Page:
There is an important difference between those who are programmers and those who merely code. Programming is a highly creative process, perhaps even an art form. Programmers need to understand the nuances of the problem and solution domains, then apply sophisticated tools from a palette of basic algorithms, data structures and design patterns to create a program that can only then be translated to code. While most (but by no means, all) programmers can and do create code, someone who is only a coder cannot create a program.
At Rocky Mountain College, we teach programming to those with the necessary talents to create programming solutions for problems that otherwise would seem to be intractable. Anyone can code.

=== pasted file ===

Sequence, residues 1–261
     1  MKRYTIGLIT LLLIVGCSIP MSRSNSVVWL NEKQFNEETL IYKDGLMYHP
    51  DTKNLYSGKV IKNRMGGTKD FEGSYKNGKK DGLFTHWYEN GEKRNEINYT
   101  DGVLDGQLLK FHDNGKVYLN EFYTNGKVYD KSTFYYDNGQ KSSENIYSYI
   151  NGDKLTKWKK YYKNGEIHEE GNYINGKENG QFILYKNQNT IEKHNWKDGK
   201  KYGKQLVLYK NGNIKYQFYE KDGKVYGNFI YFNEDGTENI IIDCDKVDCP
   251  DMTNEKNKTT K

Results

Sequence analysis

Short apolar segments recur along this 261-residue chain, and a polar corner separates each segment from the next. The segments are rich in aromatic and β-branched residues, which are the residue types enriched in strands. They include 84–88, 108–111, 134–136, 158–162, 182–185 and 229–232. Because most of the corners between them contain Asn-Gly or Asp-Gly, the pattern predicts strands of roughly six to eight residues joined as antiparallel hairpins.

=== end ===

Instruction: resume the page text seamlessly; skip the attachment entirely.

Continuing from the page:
Sure, you will learn to use the programming languages that are in demand by today’s technical employers. You will become an experienced user of Integrated Development Environments (IDEs) and come to understand network communications, security and administration.
But more important, you will discover how to efficiently model real world problems using object-oriented techniques such as design patterns, state models, collaboration diagrams—even flowcharts. Study data structures, algorithms, database design and computer organization.